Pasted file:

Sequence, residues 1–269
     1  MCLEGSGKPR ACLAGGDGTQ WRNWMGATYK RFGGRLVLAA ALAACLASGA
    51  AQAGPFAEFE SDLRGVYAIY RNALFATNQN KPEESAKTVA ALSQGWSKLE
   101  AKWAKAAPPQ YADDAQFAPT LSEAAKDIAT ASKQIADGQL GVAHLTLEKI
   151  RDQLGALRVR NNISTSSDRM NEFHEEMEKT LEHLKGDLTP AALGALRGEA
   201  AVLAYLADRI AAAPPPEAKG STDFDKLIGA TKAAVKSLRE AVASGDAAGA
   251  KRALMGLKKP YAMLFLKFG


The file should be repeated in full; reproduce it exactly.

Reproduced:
Sequence, residues 1–269
     1  MCLEGSGKPR ACLAGGDGTQ WRNWMGATYK RFGGRLVLAA ALAACLASGA
    51  AQAGPFAEFE SDLRGVYAIY RNALFATNQN KPEESAKTVA ALSQGWSKLE
   101  AKWAKAAPPQ YADDAQFAPT LSEAAKDIAT ASKQIADGQL GVAHLTLEKI
   151  RDQLGALRVR NNISTSSDRM NEFHEEMEKT LEHLKGDLTP AALGALRGEA
   201  AVLAYLADRI AAAPPPEAKG STDFDKLIGA TKAAVKSLRE AVASGDAAGA
   251  KRALMGLKKP YAMLFLKFG